Noted Economist and Political Scientist, co-author of Why Nations Fail
James Robinson's book, Why Nations Fail: The Origins of Power, Prosperity, and Poverty, co-authored with MIT's Daron Acemoglu, is a practical and momentous work—the culmination of 15 years of groundbreaking research. Why Nations Fail opens a new path of exploration into examining—and then closing—the gap between rich and poor countries. It upends conventional thinking to show us that, despite what some historians claim, good climate and technology are not the main factors determining a country's success.
Lessons of Why Nations Fail
With Egypt and Pakistan roiling the headlines and the extent of inequality among nations at an unprecedented level, Why Nations Fail answers the question that has stumped people for centuries: why are some nations rich and others poor? Why is the world divided by wealth and poverty, health and sickness, food and famine? In this riveting talk, James Robinson reveals the factors that make the city of Nogales, a place half in Arizona and half in Mexico, outperform its southern neighbor. He explains why Botswana succeeds while neighboring Congo does not, and, among other striking stories, he shows why North Korea fails where South Korea thrives. In speaking on why the average person in the U.S. is ten times as prosperous as the average Guatemalan, 20 times as prosperous as the average North Korean, and 40 times as prosperous as those living in the Congo, Robinson presents new insights on the crucial role of incentives and institutions and the absolutely essential role of strong governments. This sweeping, detailed, and highly optimistic talk refutes much of what we know about why some countries are mired in poverty while others are perpetually successful-- and it lays out a roadmap for real change.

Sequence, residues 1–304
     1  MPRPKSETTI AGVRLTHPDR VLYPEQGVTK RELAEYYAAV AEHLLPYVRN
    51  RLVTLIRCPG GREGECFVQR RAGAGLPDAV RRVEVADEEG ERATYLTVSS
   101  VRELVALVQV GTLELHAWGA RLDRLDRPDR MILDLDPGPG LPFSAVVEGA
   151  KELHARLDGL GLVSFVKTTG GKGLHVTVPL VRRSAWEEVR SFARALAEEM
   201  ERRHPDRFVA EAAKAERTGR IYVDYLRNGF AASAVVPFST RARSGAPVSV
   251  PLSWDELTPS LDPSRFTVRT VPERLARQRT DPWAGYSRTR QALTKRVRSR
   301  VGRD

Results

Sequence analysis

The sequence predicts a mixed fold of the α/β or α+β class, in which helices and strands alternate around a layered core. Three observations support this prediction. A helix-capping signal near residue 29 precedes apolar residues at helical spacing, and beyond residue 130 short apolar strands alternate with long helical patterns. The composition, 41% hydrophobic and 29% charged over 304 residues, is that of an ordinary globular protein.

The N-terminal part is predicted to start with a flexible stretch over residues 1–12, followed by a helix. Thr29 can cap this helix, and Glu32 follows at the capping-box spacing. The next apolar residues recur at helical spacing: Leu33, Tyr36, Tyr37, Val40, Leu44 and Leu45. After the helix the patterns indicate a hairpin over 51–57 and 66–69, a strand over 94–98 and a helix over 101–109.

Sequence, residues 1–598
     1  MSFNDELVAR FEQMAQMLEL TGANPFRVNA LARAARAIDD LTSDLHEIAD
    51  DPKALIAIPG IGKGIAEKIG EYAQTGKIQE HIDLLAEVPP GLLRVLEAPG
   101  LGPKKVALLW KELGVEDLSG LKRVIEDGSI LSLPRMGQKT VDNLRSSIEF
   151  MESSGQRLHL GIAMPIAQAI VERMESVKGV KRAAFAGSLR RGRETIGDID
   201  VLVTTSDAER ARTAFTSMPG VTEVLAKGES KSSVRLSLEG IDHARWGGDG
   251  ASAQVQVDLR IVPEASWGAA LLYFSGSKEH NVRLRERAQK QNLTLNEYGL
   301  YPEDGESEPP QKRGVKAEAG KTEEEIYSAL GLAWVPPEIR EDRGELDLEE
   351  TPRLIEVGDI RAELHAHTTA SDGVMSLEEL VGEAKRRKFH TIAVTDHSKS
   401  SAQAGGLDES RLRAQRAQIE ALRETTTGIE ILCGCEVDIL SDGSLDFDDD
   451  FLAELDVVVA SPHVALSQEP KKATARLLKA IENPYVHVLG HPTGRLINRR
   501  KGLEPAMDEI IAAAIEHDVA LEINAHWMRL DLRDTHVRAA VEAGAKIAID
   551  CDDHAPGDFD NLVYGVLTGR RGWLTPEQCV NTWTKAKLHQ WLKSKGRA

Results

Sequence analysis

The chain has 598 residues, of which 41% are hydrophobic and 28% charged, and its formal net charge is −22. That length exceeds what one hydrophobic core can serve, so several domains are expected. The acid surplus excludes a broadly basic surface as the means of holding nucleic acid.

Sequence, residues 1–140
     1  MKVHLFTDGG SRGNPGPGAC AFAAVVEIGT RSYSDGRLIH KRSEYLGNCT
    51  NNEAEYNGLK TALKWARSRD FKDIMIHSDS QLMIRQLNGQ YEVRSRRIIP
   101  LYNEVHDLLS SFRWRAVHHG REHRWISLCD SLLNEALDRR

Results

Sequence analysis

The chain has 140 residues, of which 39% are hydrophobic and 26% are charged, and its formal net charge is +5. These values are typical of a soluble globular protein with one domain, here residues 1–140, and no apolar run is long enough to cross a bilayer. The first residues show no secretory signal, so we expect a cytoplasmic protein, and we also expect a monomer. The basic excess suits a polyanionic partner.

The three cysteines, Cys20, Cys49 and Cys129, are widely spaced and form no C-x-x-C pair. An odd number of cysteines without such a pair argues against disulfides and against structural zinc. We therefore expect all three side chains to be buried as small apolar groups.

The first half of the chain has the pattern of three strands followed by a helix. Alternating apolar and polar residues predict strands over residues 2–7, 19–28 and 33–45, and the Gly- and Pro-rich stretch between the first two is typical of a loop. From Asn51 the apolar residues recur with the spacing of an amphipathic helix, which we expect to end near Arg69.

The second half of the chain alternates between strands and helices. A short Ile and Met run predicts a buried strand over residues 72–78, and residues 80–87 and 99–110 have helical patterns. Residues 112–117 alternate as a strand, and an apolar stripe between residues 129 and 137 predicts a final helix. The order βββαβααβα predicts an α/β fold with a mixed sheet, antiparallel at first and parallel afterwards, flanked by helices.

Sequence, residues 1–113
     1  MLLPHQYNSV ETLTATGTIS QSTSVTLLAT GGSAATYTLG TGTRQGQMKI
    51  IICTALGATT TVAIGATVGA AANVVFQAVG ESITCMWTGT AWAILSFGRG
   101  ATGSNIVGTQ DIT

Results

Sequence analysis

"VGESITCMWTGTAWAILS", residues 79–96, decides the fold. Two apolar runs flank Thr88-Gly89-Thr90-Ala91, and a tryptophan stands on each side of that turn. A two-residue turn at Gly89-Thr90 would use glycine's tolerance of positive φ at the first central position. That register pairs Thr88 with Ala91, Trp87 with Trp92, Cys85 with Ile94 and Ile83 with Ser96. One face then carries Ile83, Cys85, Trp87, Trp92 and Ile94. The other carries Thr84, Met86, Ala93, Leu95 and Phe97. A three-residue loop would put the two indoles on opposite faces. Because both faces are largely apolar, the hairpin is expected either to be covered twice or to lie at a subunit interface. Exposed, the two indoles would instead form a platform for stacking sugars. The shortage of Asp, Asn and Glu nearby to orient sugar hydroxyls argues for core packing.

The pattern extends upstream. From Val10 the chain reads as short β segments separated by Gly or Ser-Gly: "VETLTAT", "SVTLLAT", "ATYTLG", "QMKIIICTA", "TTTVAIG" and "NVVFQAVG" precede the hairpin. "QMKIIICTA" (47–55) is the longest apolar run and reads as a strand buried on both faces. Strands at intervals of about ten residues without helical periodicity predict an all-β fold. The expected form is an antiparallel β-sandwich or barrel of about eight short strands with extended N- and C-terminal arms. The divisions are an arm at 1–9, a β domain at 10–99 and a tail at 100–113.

Why Nations Fail
Brilliant and engagingly written, Why Nations Fail answers the question that has stumped the experts for centuries: Why are some nations rich and others poor, divided by wealth and poverty, health and sickness, food and famine?
Is it culture, the weather, geography? Perhaps ignorance of what the right policies are?
Simply, no. None of these factors is either definitive or destiny. Otherwise, how to explain why Botswana has become one of the fastest growing countries in the world, while other African nations, such as Zimbabwe, the Congo, and Sierra Leone, are mired in poverty and violence?
Daron Acemoglu and James Robinson conclusively show that it is man-made political and economic institutions that underlie economic success (or lack of it). Korea, to take just one of their fascinating examples, is a remarkably homogeneous nation, yet the people of North Korea are among the poorest on earth while their brothers and sisters in South Korea are among the richest. The south forged a society that created incentives, rewarded innovation, and allowed everyone to participate in economic opportunities. The economic success thus spurred was sustained because the government became accountable and responsive to citizens and the great mass of people. Sadly, the people of the north have endured decades of famine, political repression, and very different economic institutions—with no end in sight. The differences between the Koreas is due to the politics that created these completely different institutional trajectories.